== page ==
Celebrating the unique character of spaces and the people who inhabit them is one of the things we love best about our COLLECTIVE’s approach to life, living, and doing business. As the pandemic shook up our content creation world with limited opportunities for accessing the spaces of others, we started the Collective Casas series to open the doors wide to the unique abodes of our team members, with full disclosure of all of those curiosities and quirks that make a home, well… feel like home. From adaptively re-used historic storefronts to sprawling mid-mods, lovers of downtown-adjacent SLC living and those appreciating some elbow room in the foothills. It’s made us fall in love with and appreciate our Salty City and her environs all over again from the perspective of our own doorsteps.
Recently, we checked in with one of cityhome’s OG real estate agents, Mark Seely. In addition to being one helluva home consultant for over a decade, many may know Mark’s work in fashion design, and as a conceptual multi-media artist, photographer, and painter. For this feature, cityhome founder Cody Derrick sat down with Mark to chat about his converted Central 9th commercial building that has served over the years as a small warehouse, storefront, and showroom. In the 13 years Mark has lived in the space with his beloved diva of a dainty dog, Edie, he’s cultivated an always-evolving art installation and revolving collection of curiosities.
Our “quick interview” about space and why he loves it so damn much turned into a couple-hour-plus convo about life, death, art, bourbon, old dogs, fashion, existential crises, commitment, and what makes the world go ‘round. (Short answer: Love.) Here’s a very abridged peek into Mark’s uniquely suited casa filled with oddities...
"Your space is like clothing; everyone will wear it differently."
Cody Derrick: So, tell us a bit about the bones of your space.
Mark Seely: This building was built in the 40s and was set up with a showroom front and a warehouse posterior, with my unit utilizing half and half. The front is my gallery/studio, and the back yields a soaring ceiling for my living space and loft. A mutual friend, Erik Steffensen, did the residential conversion, and broke things up with a keen eye for light, purpose, and presentation. All the walls are situated for display, and each nook for collections of fun little things. The long and short of it is that you can still see the history that exists here, the way things used to be as an industrial space in juxtaposition to clean and sleek modern design.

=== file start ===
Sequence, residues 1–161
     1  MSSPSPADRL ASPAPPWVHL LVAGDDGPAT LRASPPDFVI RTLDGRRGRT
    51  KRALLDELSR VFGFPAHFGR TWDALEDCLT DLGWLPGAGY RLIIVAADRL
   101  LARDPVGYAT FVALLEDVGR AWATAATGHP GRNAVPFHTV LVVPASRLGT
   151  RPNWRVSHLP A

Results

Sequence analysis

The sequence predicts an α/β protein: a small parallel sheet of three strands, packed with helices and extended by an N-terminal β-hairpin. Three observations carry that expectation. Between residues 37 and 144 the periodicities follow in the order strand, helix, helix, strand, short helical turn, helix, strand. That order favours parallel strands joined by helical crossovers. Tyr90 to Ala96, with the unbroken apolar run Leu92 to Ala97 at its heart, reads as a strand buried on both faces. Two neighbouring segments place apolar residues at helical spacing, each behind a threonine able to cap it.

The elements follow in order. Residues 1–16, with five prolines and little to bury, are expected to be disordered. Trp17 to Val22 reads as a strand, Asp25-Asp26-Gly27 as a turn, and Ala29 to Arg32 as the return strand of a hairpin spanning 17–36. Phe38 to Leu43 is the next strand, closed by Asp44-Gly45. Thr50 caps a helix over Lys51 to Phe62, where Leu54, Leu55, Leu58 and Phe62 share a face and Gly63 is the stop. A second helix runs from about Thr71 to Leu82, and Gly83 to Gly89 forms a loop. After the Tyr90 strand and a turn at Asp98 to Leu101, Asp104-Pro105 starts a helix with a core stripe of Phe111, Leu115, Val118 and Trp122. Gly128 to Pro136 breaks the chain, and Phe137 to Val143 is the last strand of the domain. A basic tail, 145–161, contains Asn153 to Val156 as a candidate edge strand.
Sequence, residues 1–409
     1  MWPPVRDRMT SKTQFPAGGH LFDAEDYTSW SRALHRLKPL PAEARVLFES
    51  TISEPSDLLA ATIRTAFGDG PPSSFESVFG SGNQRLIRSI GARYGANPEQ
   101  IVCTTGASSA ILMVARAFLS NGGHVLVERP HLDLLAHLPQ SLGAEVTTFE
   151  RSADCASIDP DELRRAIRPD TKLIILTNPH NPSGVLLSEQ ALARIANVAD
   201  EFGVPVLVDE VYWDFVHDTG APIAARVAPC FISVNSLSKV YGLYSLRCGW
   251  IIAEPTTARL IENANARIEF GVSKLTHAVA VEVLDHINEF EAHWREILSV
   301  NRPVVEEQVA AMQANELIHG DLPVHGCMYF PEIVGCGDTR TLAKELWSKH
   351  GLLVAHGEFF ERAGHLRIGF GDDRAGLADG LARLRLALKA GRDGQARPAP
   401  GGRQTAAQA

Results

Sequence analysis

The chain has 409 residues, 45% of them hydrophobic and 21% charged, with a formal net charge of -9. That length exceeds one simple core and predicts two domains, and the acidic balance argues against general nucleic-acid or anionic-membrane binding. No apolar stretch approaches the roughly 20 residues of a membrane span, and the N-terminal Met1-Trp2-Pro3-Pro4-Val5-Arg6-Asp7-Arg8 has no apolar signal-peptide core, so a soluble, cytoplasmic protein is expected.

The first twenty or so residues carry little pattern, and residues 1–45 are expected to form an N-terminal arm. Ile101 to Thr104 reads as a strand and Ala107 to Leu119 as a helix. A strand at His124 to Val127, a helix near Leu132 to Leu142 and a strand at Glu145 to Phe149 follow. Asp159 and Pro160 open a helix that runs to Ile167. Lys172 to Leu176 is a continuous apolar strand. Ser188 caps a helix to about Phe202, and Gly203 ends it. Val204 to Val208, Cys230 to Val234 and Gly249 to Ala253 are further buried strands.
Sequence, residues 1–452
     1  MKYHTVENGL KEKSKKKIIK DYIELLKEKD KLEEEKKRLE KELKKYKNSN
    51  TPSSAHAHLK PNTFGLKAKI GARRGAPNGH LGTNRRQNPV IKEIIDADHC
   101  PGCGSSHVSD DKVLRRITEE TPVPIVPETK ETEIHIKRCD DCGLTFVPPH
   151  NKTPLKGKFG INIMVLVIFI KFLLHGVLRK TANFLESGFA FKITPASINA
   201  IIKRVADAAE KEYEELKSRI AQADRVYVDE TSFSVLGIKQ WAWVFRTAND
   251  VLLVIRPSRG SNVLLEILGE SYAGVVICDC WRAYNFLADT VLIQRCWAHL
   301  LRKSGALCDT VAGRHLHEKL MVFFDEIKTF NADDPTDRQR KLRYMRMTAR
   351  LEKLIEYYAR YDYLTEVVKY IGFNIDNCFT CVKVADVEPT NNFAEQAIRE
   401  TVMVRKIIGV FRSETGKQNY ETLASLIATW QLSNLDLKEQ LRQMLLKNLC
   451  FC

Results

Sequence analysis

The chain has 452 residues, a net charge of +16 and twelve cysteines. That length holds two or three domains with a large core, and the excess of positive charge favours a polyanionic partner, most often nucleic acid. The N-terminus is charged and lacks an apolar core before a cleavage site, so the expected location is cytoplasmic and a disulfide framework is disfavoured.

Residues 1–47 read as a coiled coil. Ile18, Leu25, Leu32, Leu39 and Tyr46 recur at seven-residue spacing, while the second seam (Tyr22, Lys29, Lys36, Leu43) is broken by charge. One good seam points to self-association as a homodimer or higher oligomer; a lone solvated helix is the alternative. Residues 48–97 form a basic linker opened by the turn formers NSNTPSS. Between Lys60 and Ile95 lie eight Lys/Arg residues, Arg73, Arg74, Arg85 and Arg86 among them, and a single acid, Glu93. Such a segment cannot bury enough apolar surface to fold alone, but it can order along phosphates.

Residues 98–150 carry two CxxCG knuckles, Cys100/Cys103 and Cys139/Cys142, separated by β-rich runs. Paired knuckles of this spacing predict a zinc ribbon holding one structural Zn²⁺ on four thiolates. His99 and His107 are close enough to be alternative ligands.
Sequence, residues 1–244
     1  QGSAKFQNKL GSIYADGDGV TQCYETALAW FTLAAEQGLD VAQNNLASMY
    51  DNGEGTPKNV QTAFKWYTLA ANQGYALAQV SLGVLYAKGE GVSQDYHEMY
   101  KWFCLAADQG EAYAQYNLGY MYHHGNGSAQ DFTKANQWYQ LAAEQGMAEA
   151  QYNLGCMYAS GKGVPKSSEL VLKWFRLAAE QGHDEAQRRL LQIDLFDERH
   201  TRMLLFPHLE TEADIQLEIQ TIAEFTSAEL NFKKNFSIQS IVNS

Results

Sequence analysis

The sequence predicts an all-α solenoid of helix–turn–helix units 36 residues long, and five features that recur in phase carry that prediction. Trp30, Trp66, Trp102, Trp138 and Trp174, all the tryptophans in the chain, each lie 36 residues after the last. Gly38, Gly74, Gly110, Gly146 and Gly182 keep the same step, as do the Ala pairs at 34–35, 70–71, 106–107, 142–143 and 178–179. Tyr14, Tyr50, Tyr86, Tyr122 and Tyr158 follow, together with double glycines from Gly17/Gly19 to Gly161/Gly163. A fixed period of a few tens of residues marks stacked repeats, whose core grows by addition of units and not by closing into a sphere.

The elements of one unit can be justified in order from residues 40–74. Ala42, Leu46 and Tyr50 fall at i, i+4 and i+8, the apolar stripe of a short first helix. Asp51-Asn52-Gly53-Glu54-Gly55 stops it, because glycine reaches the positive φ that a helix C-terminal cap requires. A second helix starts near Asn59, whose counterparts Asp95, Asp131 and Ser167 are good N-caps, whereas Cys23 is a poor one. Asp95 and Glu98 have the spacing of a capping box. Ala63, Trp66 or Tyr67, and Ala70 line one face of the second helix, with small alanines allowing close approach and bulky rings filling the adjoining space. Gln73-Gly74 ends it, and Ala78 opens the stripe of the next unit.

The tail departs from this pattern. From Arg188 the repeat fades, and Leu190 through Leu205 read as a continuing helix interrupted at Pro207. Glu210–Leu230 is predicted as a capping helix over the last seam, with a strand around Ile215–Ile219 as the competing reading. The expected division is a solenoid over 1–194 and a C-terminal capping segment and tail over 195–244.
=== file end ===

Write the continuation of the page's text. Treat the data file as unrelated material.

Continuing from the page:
CD: Yeah, we both dig the history of places and objects. Weaving ancient and modern elements.
MS: There’s so many little pieces, little objects, that take up a lot of space here and there. Taxidermy and found objects. All the dirty, pretty things. I’m in love with deeply personal items that are representative of people who are important to me, history, and art. Everything here has a very specific story and meaning, and that’s related to where I’ve placed it. I like things that have experienced life and that aren’t perfect. The wabi-sabi notion of beauty.
CD: And books. Especially old ones, right?
MS: Yes, and always books, like Ginsberg or a vintage Grey’s Anatomy. Bukowski to photography. I love to have books everywhere. If you sit down and you’re in the kitchen or wherever, you should be able to reach out and pick up a book. I’ll pick up something and read it for 10 minutes, starting somewhere in the middle or whatever. I’m a bit of a goldfish in that regard. I am always seeking inspiration and will often paint or write throughout the day.
"Edie and I are very fond of late-night walks, stumbling around, listening to music, soaking in the riff and the raff, taking photos, writing poetry."
CD: It sounds like you get pulled back into your art whenever you are inspired, which is often.
MS: Constantly. It’s fantastic to have immediate access. It’s like bringing your work home all the time; I’m constantly poking at and reassessing my art.
CD: So, you were doing the whole live/work thing long before Covid.
MS: I have shown work at other art galleries over the years [before purchasing this space], and it always seemed like a good business move to have my own studio space to be able to paint where I live. Have my own gallery space to present art when I want to and the way I want it. Now, I really only do shows here once or twice a year. Most of my focus is on galleries on the coasts, or I work directly with collectors.
CD: And you’ve been successful in real estate for over ten years. How do you fit it all in?
MS: 13 years! Almost all my creative activity is night based, leaving my days open for working with my real estate clients. The whole Batman/Bruce Wayne scenario. I’m definitely a night owl, though, so mornings are rough for appointments. Edie -- my three-legged 14-year-old fox terrier -- and I are very fond of late-night walks, stumbling around, listening to music, soaking in the riff and the raff, taking photos, writing poetry.
CD: What have you learned from living in this space, and what kind of advice do you have for people who may be considering the leap to a unique or non-traditional living space?
MS: Your space is like clothing; everyone will wear it differently. I think that no matter where you are, you can transform it, right? You can make a space your own and it doesn’t take a lot of money to make it a brilliant, significant space to you. A home is bullshit without loved ones in it. The most important part is that it’s interesting to you and suits the way you want to live.